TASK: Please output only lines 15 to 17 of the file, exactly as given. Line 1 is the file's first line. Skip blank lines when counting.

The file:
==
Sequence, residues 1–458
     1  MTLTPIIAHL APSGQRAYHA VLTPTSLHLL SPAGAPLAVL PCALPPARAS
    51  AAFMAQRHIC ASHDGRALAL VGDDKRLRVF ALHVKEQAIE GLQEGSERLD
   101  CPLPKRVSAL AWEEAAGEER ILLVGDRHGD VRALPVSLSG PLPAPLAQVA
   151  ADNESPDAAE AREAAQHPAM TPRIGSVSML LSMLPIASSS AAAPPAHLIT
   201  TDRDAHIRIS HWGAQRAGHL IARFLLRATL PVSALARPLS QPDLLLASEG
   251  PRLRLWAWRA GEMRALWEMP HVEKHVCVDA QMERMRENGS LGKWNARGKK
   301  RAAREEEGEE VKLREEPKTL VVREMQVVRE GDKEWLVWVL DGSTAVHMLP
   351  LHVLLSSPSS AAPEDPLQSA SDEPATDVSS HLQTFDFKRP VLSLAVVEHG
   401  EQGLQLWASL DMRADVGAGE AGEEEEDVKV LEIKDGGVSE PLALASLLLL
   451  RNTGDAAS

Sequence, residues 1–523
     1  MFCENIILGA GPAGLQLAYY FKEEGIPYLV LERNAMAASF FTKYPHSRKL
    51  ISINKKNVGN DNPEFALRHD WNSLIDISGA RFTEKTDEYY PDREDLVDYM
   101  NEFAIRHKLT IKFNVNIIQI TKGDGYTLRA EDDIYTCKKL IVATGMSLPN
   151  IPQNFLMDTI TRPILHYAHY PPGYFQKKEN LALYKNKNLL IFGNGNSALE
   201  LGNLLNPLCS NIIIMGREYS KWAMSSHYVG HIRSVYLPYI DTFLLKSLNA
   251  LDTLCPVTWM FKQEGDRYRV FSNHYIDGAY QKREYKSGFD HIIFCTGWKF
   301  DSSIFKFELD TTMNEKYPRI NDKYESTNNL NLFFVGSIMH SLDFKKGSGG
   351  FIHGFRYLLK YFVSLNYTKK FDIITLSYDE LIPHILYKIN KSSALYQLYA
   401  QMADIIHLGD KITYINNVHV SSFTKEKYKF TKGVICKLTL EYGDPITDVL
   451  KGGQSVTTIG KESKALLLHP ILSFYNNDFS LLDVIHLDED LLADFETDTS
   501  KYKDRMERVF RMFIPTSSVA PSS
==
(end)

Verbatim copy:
   101  NEFAIRHKLT IKFNVNIIQI TKGDGYTLRA EDDIYTCKKL IVATGMSLPN
   151  IPQNFLMDTI TRPILHYAHY PPGYFQKKEN LALYKNKNLL IFGNGNSALE
   201  LGNLLNPLCS NIIIMGREYS KWAMSSHYVG HIRSVYLPYI DTFLLKSLNA